Miami Marlins starting pitcher Mark Buehrle, who is known for succeeding in the majors without a 90 mph fastball, worked 30 changeups into his pitching performance on April 25 against the New York Mets.
Buehrle's stat line was typical of the MLB-veteran that night: seven innings, two earned runs, five hits, one base on balls and four strikeouts.
Lobstein's line was not nearly as impressive: four innings, six earned runs, 10 hits, no walks and three strikeouts.
Lobstein didn't watch Buehrle's start live that April night. Instead he studied video footage of the game with Biscuits pitching coach R.C. Lichtenstein before his next turn against the Chattanooga Lookouts.
After they studied the game, Lichtenstein asked Lobstein how many changeups he thought Buehrle threw that night.
"Between 20 and 30," Lobstein replied.
Lichtenstein had a follow-up question.
"Then I asked him, ‘how is Buehrle throwing 30 changeups and you're throwing five?' The one thing I stress is that he needs to be a Mark Buehrle-type pitcher," Lichtenstein said.
Lobstein was then informed by his pitching coach of a new target: he would incorporate a minimum of 20 changeups in every start from that point forward.
"I guess you can say we formulated a game plan from there," Lobstein said.
In his first three starts of the season, the left-hander surrendered 17 earned runs in just 10 total innings pitched. Since that point in early May when he decided to take Lichtenstein's advice — and more importantly, trust his own stuff — Lobstein has pitched to a 2.07 ERA in 40 innings.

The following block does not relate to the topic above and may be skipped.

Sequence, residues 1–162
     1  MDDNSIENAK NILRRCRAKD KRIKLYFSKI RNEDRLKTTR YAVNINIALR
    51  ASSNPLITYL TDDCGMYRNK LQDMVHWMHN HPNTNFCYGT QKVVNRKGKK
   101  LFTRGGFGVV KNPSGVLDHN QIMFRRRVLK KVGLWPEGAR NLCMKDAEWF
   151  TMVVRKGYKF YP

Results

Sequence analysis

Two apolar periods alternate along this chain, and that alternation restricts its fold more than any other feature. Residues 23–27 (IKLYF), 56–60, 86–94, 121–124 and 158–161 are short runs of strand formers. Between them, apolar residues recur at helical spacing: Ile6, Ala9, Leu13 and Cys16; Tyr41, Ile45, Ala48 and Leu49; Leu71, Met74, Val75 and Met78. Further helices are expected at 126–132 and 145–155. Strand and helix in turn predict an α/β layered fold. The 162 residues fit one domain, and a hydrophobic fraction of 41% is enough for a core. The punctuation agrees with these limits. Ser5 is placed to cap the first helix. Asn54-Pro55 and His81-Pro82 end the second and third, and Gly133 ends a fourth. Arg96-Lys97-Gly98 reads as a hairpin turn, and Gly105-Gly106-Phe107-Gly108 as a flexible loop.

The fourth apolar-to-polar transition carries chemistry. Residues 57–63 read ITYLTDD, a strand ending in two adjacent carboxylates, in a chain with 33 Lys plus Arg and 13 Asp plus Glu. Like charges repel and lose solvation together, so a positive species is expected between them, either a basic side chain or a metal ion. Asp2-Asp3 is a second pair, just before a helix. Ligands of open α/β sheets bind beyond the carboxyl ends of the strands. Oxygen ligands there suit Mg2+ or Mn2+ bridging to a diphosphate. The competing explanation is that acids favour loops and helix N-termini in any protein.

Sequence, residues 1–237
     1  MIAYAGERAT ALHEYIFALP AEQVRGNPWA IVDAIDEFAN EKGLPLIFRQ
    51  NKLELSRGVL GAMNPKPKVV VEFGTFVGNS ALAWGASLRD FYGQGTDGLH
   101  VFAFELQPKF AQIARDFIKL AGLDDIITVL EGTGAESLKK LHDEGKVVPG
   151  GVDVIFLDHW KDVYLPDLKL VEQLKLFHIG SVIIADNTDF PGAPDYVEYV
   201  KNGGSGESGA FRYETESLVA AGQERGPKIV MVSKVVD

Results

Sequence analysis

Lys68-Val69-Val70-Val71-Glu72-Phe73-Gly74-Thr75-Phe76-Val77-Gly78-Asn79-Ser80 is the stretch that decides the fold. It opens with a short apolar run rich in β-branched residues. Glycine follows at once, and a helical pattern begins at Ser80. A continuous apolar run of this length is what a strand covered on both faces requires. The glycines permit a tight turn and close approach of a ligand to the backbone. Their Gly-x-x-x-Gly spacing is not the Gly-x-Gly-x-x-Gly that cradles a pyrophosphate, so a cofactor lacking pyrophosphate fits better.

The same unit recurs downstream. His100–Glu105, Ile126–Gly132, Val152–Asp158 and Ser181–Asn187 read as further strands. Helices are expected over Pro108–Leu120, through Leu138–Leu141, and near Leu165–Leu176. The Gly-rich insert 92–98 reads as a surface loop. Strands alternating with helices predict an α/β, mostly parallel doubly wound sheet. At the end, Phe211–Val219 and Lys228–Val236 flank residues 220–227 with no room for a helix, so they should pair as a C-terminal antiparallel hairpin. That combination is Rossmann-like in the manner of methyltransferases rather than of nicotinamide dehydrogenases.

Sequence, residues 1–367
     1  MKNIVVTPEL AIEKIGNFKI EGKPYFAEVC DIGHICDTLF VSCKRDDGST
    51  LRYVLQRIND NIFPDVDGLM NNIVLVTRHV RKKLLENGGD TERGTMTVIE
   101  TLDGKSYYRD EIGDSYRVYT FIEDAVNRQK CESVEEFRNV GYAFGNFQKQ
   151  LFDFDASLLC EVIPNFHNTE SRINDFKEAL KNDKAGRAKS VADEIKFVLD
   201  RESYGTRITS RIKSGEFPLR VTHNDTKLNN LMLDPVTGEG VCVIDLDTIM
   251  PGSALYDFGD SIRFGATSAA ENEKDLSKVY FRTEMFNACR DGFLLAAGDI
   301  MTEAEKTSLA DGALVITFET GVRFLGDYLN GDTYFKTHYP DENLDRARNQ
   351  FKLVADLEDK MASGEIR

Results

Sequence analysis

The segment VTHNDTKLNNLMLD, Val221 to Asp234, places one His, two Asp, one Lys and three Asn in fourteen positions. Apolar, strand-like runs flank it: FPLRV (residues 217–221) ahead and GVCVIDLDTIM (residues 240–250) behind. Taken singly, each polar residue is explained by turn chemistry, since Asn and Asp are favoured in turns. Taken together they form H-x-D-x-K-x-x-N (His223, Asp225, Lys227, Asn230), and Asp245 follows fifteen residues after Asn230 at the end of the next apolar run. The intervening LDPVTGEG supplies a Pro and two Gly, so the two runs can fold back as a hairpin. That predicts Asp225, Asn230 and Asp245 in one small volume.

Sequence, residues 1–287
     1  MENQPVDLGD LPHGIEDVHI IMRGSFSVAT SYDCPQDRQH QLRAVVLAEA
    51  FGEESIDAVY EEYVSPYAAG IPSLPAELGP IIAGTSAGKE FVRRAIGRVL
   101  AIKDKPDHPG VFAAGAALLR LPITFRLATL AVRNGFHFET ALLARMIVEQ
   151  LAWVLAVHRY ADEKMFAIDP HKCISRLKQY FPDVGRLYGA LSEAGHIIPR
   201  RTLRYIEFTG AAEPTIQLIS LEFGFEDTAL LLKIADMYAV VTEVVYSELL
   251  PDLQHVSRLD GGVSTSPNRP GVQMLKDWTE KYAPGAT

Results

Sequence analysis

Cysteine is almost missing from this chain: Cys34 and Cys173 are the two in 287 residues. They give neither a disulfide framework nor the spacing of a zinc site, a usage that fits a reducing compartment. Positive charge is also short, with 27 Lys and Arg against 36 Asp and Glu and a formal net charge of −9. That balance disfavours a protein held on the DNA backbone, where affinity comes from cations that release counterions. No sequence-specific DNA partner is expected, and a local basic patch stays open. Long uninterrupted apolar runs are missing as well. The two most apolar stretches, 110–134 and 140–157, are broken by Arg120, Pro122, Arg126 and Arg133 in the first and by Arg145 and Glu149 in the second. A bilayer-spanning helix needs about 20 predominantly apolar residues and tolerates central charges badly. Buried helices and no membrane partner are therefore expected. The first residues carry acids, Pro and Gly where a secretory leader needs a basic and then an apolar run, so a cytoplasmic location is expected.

The Biscuits hurler was named the Southern League's Pitcher of the Week for the games running from May 14-20. In two starts during that week, Lobstein was 1-0 with a 0.64 ERA, and allowed one run over 14 innings pitched. Lobstein won the same award last year in the Florida State League on three occasions.
After getting hit hard and often early this season, Lobstein is so confident in his changeup that he has thrown it on 3-0 counts.
"It's always been the same pitch, I'm just throwing it more," the 2008 second round draft pick said. "I've already seen a big difference. I've been able to throw it at any count. It's actually given me a confidence boost."
The changeup is not the only pitch Lobstein has worked on developing during his first full season in Double-A. He has added a curveball — a pitch that breaks with more depth — to a repertoire that includes a 4-seam and a 2-seam fastball and a cutter that often works as a hard slider.
"It's still in the process to get to where I'm comfortable with it," said Lobstein of his curveball. "It can definitely be an out-pitch down the road."
Going forward, it is imperative that Lobstein continues to trust his secondary pitches because he relies on groundballs instead of strikeouts when a big out is needed and he is behind in the count.
With the all-star break ending Wednesday, Lobstein has some personal goals set to ensure his success remains consistent.
"Ultimately getting more confident with the changeup and curveball," he said. "A big thing for me is the walk total and trying to get that down. I'm not worried about getting the strikeouts up."
Will Sammon is the Montgomery Biscuits beat writer for Rays Digest. You can follow him on Twitter at @WillSammon.
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